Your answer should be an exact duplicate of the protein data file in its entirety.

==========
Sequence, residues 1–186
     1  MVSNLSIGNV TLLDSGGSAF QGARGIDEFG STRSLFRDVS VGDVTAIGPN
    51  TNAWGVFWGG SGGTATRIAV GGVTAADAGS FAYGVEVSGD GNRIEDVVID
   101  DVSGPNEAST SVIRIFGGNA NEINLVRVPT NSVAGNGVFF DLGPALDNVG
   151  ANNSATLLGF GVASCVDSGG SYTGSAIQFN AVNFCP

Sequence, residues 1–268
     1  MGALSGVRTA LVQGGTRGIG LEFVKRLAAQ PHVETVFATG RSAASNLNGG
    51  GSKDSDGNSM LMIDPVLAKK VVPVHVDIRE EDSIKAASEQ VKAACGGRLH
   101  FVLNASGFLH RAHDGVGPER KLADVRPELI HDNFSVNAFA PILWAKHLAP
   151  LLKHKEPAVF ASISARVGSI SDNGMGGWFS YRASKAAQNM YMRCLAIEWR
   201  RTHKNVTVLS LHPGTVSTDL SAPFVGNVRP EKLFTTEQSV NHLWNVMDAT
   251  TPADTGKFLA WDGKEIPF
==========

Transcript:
Sequence, residues 1–186
     1  MVSNLSIGNV TLLDSGGSAF QGARGIDEFG STRSLFRDVS VGDVTAIGPN
    51  TNAWGVFWGG SGGTATRIAV GGVTAADAGS FAYGVEVSGD GNRIEDVVID
   101  DVSGPNEAST SVIRIFGGNA NEINLVRVPT NSVAGNGVFF DLGPALDNVG
   151  ANNSATLLGF GVASCVDSGG SYTGSAIQFN AVNFCP

Sequence, residues 1–268
     1  MGALSGVRTA LVQGGTRGIG LEFVKRLAAQ PHVETVFATG RSAASNLNGG
    51  GSKDSDGNSM LMIDPVLAKK VVPVHVDIRE EDSIKAASEQ VKAACGGRLH
   101  FVLNASGFLH RAHDGVGPER KLADVRPELI HDNFSVNAFA PILWAKHLAP
   151  LLKHKEPAVF ASISARVGSI SDNGMGGWFS YRASKAAQNM YMRCLAIEWR
   201  RTHKNVTVLS LHPGTVSTDL SAPFVGNVRP EKLFTTEQSV NHLWNVMDAT
   251  TPADTGKFLA WDGKEIPF